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Elizabethan Lyrics

These were the “pop songs” of the 16th and 17th centuries. People loved the lyrics and tunes of the latest “hit”, and the musicians and singers were highly esteemed by the public.


Hymns and chorales were sung in the churches, and singing was a popular entertainment at any social get-together. In the streets the ballad singers rendered traditional folk songs or perhaps a musical comment on a recent event. Many of the songs were collected in books of “ayres” (an ayre, or air, is the same as a tune or melody). The first compilation, Songs and Sonnets, was published in 1557 and became the inspiration and reference for many poets and singers / songwriters of the Elizabethan Age.

Shakespeare included songs in many of his plays. This song from Twelfth Night (1602) is one of his most famous and most quoted songs.

If Music Be the Food of Love, Play On (William Shakespeare, 1664-1616)

Renaissance Music
Renaissance Music
Tobacco Advertisement from the 17th century
Tobacco Advertisement from the 17th century

If music be the food of love, play on;
Give me excess of it, that, surfeiting,
The appetite may sicken, and so die.
That strain again! it had a dying fall:
O, it came o'er my ear like the sweet sound,
That breathes upon a bank of violets,
Stealing and giving odour! Enough; no more:
'Tis not so sweet now as it was before.
O spirit of love! how quick and fresh art thou,
That, notwithstanding thy capacity
Receiveth as the sea, nought enters there,
Of what validity and pitch soe'er,
But falls into abatement and low price,
Even in a minute: so full of shapes is fancy
That it alone is high fantastical.

Poetry is the language of love both today and in the Elizabethan Age. Thomas Campion’s poem is a beautiful declaration of love for his lady:

There is a Garden in Her Face (Thomas Campion, 1567-1620)

There is a garden in her face,
Where roses and white lilies grow;
A heavenly paradise is that place,
Wherein all pleasant fruits do flow.
There cherries grow which none may buy
Till cherry-ripe themselves do cry.

Those cherries fairly do enclose
Of orient pearl a double row,
Which when her lovely laughter shows,
They look like rosebuds filled with snow.
Yet them nor peer nor prince can buy,
Till cherry-ripe themselves do cry.

Her eyes like angels watch them still;
Her brows like bended bows do stand,
Threat’ning with piercing frowns to kill
All that attempt with eye or hand
Those sacred cherries to come nigh,
Till cherry-ripe themselves do cry.

The following two jesting songs praise some familiar human vices.

The Drinking Song (John Fletcher, 1579-1625)

Drink to-day, and drown all sorrow,
You shall perhaps not do it to-morrow.
Best, while you have it, use your breath;
There is no drinking after death.

Wine works the heart up, wakes the wit;
There is no cure ‘gainst age but it.
It helps the headache, cough, and tisic,
And is for all diseases physic.

Then let us swill, boys, for our health;
Who drinks well, loves the commonwealth.
And he that will to bed go sober,
Falls with the leaf still in October.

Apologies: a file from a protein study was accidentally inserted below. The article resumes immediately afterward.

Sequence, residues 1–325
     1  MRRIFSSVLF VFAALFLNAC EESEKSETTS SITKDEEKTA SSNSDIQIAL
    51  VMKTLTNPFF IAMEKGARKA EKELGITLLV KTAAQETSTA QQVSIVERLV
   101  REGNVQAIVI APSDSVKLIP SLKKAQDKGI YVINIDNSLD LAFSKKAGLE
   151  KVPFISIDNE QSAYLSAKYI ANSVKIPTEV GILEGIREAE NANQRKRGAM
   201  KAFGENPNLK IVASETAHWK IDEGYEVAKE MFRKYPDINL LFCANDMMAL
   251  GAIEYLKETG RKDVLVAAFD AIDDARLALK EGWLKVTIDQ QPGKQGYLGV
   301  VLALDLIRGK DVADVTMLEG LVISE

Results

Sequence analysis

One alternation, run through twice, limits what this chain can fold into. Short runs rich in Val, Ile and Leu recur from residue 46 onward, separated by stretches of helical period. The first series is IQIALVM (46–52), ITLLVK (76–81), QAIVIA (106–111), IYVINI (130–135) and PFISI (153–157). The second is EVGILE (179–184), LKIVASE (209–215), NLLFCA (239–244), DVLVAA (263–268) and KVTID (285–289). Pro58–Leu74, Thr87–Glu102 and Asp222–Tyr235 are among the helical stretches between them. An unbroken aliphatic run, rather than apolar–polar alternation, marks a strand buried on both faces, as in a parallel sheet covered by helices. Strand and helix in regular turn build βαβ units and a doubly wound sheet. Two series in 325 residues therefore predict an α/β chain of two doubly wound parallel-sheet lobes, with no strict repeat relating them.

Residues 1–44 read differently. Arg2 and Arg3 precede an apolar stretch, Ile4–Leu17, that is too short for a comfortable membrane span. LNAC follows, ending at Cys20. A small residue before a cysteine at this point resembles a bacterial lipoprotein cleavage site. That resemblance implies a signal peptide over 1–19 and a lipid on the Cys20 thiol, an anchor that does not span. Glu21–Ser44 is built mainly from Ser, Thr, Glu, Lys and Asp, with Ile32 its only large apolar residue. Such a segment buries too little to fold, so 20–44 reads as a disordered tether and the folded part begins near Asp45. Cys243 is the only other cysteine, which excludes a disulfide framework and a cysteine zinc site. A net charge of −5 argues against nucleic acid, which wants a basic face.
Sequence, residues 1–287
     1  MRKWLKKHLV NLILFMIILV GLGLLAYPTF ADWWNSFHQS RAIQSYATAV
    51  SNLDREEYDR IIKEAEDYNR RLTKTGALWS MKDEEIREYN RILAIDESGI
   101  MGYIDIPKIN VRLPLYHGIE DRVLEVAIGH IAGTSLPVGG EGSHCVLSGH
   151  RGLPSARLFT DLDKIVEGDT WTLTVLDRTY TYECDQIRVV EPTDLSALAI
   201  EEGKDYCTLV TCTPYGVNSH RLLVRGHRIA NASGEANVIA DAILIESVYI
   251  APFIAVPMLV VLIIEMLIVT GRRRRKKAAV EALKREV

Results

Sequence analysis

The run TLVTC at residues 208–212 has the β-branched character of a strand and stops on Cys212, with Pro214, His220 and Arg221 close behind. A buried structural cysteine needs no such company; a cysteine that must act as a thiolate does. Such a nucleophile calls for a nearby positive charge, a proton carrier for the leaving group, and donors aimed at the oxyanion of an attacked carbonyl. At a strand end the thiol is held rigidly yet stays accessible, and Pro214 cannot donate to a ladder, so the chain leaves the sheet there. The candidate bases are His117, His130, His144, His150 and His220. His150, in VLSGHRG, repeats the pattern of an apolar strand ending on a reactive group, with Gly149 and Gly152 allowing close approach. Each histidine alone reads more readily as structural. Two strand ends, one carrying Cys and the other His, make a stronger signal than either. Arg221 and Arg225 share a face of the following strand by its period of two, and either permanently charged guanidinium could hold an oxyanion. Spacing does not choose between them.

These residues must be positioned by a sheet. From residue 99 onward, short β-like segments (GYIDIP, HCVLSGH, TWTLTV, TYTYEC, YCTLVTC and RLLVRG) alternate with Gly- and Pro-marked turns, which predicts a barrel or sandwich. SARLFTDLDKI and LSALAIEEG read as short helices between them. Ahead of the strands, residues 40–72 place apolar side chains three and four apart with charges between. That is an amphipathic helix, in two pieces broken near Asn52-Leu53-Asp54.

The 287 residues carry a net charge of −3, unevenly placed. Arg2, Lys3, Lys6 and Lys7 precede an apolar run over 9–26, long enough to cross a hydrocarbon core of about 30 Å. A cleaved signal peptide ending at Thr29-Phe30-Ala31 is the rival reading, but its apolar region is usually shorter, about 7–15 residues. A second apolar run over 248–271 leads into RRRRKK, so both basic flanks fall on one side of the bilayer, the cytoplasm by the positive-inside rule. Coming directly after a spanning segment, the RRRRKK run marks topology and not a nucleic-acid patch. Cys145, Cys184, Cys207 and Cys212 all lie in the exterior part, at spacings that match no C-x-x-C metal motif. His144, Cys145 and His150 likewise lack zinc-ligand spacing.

(“tisic” is short for “phthisic” which was then another name for consumption or tuberculosis, for which alcohol was a good remedy according to Fletcher…)

Tobacco, Tobacco (Tobias Hume, d. 1645)

Tobacco, tobacco, sing sweetly for tobacco!
Tobacco is like love, oh love it;
For you see, I will prove it.
Love maketh lean the fat man’s tumour,
So doth tobacco.
Love still dries up the wanton humour,
So doth tobacco.
Love makes ken sail from shore to shore,
So doth tobacco.
‘Tis fond love often makes men poor,
So doth tobacco.
Love makes men scorn all coward fears,
So doth tobacco.
Love often sets men by the ears,
So doth tobacco.
Tobacco, tobacco,
Sing sweetly for tobacco.
Tobacco is like love, oh love it;
For you see I have proved it.

(The song indicates the popularity of smoking after it was introduced from the American colonies by Sir Walter Raleigh in the early 17th century.)

John Dowland’s poetry is another manifestation of love as the universal poetic theme.

Come Again (John Dowland, 1563-1626)

Come again:
Sweet love doth now invite,
Thy graces that refrain,
To do me due delight,
To see, to hear, to touch, to kiss, to die
With thee again in sweetest sympathy.
To see, to hear, to touch, to kiss, to die
With thee again in sweetest sympathy.

Come again
That I may cease to mourn,
Through thy unkind disdain:
For now left and forlorn,
I sit, I sigh, I weep, I faint, I die
In deadly pain and endless misery.

All the day
The sun that lends me shine,
By frowns do cause med pine;
And feeds me with delay,
Her smiles my springs, that make my joys to grow.
Her frowns the Winters of my woe.
Her smiles my springs, that make my joys to grow.
Her frown the winters of my woe.

All the night
My sleeps are full of dreams,
My eyes are full of streams
My heart takes no delight.

John Dowland was a musician who composed his own songs and played the lute, a common instrument in the Elizabethan Age. The Queen herself played both the lute and the virginal, which was an early sort of keyboard.
John Dowland died nearly 400 years ago. It is an interesting fact that British rock star Sting made an album of Dowland’s songs in 2006 (“Songs from the Labyrinth”), which goes to show that his songs are still appealing material for a contemporary performing artist.


  • How do you think these poems would have been written today? Try and make a transcription into a modern language.
  • Go on the net and find other poems by John Dowland. Choose one you like and read it out loud in class.
  • Check out YouTube for the Sting performance of "Come Again".


The Renaissance